Living with Grace

by Judy Bonner

“Can your dog come over?”

The words refocused my attention to Gracie.  We were at the vet’s check-out window, paying the bill.  Gracie was tethered to a hook under the window.

Psst! Come on over!

Psst! Come on over!

I looked down at Gracie.  Her eyes were dancing, her lips in a puckered up smile, her butt wiggling.  Gracie loves people, especially children.  Who was now the apple of Gracie’s eye?

I looked up.  There was a woman at the next check-out window.  She again asked if my dog could come over.  Why not, I thought.  But wait, what is that in her hand?  A leash?  My eyes narrowed in on that leash, following it down to the floor.  Sure enough, it attached to a dog sitting tightly next to the woman’s legs, a dog not much bigger than Gracie.

Okay, take a step back, I thought to myself.  I stood in front of Gracie.  For as much as Gracie loves people, she is cautious around other dogs.

Gracie did not play with other puppies at break time in kindergarten class; she preferred a side seat with a good view instead.  She made friends at our group dog training classes, but certainly not at the first class.  She came to enjoy a good one-on-one play with her favorite friends.  On her short list were a Golden Retriever, a Great Dane, a Cocker Spaniel, a Basset Hound, and a Wheaton Terrier, the only female in her circle of pals.

Otherwise, Gracie generally offers up calming signals to most dogs in her path…turning her head, sniffing the ground, making a C-curve, changing direction, all to avoid a face-to–face encounter.  She is now a four-year-old Border Collie.  I have one finger left on each hand to add to my count of dogs Gracie has shown a great displeasure of their presence and behaviors.

The woman, probably noticing my hesitation, went on to say her dog was a rescue, living with her four years now.  “It’s only in the last year that I can pick up a broom without her running behind a door. This is the first time she has shown ANY interest in another dog.”  Four eyes were pleading with me–the dog’s and her owner’s.

No words from Gracie.  I glanced down at her.  Hmm . . . now a sitting wiggle-butt.  “It is up to Gracie.”  I gave Gracie permission to “go visit,” thinking she would head straight for the woman, ignoring the dog.  Nope.  Gracie walked softly and slowly over to the dog.  They touched noses and started sniffing each other’s muzzle and face.  Good so far, but dogs in her face is something Gracie will tolerate but does not enjoy.   Best not to push our luck.  “Good girl, Gracie,” I said.  “All done. Let’s go now.”  Gracie returned to my side.

“Thank-you” the woman said.  I smiled and nodded.  Back to business.   I signed the credit card slip, gathered all my papers together, and looped Gracie’s leash in my hand.  We headed to the exit door.

“Can she come over one more time?”

I turned around.  “It is up to Gracie,” I said.  Gracie was once again doing her sitting wiggle-butt.  “You can go visit.” I touched her head as she glided past me to the other dog.  I let them greet each other longer this time before calling Gracie back to me.

The woman started crying.  “You don’t know how much this means to me,” she said,  kneeling down to hug her dog.  “This is the first time I’ve seen her really happy.” The dog snuggled into her owner’s embrace.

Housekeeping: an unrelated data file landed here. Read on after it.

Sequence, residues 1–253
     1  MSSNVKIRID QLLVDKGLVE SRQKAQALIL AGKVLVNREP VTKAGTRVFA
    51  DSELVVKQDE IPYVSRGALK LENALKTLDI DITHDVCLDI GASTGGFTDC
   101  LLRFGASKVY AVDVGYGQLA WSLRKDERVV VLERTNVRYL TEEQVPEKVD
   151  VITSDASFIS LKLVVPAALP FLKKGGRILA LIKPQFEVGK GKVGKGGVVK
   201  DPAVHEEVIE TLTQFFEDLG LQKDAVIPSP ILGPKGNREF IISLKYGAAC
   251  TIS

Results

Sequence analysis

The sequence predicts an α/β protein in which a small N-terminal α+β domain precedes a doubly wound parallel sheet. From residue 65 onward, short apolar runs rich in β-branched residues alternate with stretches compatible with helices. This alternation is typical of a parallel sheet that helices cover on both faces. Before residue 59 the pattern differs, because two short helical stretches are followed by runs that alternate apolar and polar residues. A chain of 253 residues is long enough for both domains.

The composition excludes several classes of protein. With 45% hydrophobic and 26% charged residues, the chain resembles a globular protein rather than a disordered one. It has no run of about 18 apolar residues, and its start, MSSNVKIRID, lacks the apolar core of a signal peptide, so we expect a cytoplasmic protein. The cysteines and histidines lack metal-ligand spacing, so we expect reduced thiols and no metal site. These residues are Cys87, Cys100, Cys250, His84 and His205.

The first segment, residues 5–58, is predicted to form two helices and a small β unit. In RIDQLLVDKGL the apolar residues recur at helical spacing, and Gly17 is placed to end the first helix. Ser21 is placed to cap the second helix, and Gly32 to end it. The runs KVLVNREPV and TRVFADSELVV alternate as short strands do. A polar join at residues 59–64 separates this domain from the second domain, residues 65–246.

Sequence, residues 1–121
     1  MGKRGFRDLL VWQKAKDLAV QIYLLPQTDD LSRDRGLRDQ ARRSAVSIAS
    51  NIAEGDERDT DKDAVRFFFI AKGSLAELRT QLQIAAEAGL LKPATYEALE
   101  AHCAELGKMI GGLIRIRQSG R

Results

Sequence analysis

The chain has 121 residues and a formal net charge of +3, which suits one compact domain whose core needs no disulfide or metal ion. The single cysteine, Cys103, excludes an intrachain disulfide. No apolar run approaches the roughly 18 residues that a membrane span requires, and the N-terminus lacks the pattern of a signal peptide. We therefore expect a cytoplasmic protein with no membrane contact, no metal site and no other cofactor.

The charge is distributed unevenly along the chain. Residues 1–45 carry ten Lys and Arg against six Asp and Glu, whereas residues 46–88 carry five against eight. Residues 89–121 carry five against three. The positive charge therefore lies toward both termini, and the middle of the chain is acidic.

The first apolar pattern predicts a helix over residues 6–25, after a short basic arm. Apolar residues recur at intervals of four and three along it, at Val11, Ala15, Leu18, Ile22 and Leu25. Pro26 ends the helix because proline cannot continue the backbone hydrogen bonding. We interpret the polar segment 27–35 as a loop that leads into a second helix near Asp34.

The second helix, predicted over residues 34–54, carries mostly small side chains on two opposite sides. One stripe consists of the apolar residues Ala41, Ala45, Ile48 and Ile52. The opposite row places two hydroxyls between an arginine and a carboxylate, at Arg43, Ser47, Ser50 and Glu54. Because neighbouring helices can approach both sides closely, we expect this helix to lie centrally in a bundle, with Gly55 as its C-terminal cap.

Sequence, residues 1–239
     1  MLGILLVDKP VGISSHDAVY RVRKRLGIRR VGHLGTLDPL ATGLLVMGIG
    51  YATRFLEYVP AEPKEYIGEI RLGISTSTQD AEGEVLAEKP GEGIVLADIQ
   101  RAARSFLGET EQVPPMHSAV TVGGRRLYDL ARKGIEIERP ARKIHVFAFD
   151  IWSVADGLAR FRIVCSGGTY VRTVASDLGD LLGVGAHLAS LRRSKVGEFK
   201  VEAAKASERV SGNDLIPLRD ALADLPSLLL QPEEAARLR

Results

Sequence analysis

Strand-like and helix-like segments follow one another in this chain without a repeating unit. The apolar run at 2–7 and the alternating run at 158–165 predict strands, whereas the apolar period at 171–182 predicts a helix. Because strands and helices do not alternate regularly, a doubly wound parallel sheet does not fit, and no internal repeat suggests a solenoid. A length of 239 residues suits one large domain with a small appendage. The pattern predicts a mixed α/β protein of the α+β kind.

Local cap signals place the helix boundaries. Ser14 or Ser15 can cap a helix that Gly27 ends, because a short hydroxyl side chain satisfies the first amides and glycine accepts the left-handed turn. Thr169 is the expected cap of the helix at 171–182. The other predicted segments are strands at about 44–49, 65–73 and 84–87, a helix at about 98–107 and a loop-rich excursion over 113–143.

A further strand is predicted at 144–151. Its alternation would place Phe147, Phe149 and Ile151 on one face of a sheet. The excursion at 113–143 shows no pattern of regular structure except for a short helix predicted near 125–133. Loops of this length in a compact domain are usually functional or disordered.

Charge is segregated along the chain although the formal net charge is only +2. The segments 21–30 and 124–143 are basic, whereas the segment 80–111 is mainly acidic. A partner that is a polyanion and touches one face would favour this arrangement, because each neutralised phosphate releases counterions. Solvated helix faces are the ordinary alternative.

Tears welled up in my eyes as Gracie and I tuned around to leave. I’d had dogs my whole life.  My journey with Gracie was unlike any other.  This was another entry into my journal of living with grace.

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13 responses to “Living with Grace

  1. Its amazing how much we can learn from our dogs!!!! What a lovely story!!!

  2. Good Girl Gracie! I know THAT feeling with our own Tara!!

  3. I have met Gracie and her Mom Judy. Gracie is an exquisite ball of fur that you just want to hug but she will silently decide if you are even sniff worthy. Judy has been devoted to her dogs health and mental well being. They are both very in tune with their surroundings. The two have a wordless bond of trust and love for each other. Quietly making their way through this world contributing in countless ways that go without fanfare.

    Perhaps we can take note and in doing so enjoy ourselves the wonderful moments offered to us by our pets that all to often go unnoticed.

    Jane, Rory and Skye

  4. Very well written. The dogs are always teaching us … we just have to be good students.. Looks like Gracie was a good teacher….

  5. Karen E Bellfield

    I am Judy Bonner’s sister, Karen Bellfield, and I know Gracie very well. She is a wonderful dog full of love and beauty. I don’t see her or my sister as much as I’d like to, but they are always in my heart. Judy and Gracie are very close companions, and one could not do without the other. It is a wonderful love. By the way, I took the picture of Gracie that is featured in this short story.

  6. Sarah, Rayne & Cooper

    I have had the privilege of meeting Judy, Gracie and her “brother” Banner a few times. They are remarkable. It is so rare & wonderful be be as in tune with our dogs as Judy is…so many dog owners would not even notice or let the dog (Gracie) make the decision. What a wonderful story, and I loved that Gracie made the woman’s day!!

  7. I used to be the proud pet-sitter of Gracie and her brothers! I adored going to watch them – Judy works so hard with them and they are always on their best behavior. Gracie has always been a doll to me – coming to me for snuggles, kisses, and relentless ball play. I’m not surprised at this story – Grace is a wonderful, intuitive dog.

  8. Very heart warming story!

Whatcha thinking? Gimme that! Grr! Grr!

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